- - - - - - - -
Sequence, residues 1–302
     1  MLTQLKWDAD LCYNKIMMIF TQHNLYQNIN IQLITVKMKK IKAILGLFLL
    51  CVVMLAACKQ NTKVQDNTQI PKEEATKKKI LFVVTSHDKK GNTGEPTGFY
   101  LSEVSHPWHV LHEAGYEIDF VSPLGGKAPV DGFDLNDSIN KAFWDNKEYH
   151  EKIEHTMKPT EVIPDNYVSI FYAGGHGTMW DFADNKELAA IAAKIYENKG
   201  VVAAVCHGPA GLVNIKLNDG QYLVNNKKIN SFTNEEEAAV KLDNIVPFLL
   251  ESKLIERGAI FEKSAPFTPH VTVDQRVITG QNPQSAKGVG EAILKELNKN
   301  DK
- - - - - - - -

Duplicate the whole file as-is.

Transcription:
Sequence, residues 1–302
     1  MLTQLKWDAD LCYNKIMMIF TQHNLYQNIN IQLITVKMKK IKAILGLFLL
    51  CVVMLAACKQ NTKVQDNTQI PKEEATKKKI LFVVTSHDKK GNTGEPTGFY
   101  LSEVSHPWHV LHEAGYEIDF VSPLGGKAPV DGFDLNDSIN KAFWDNKEYH
   151  EKIEHTMKPT EVIPDNYVSI FYAGGHGTMW DFADNKELAA IAAKIYENKG
   201  VVAAVCHGPA GLVNIKLNDG QYLVNNKKIN SFTNEEEAAV KLDNIVPFLL
   251  ESKLIERGAI FEKSAPFTPH VTVDQRVITG QNPQSAKGVG EAILKELNKN
   301  DK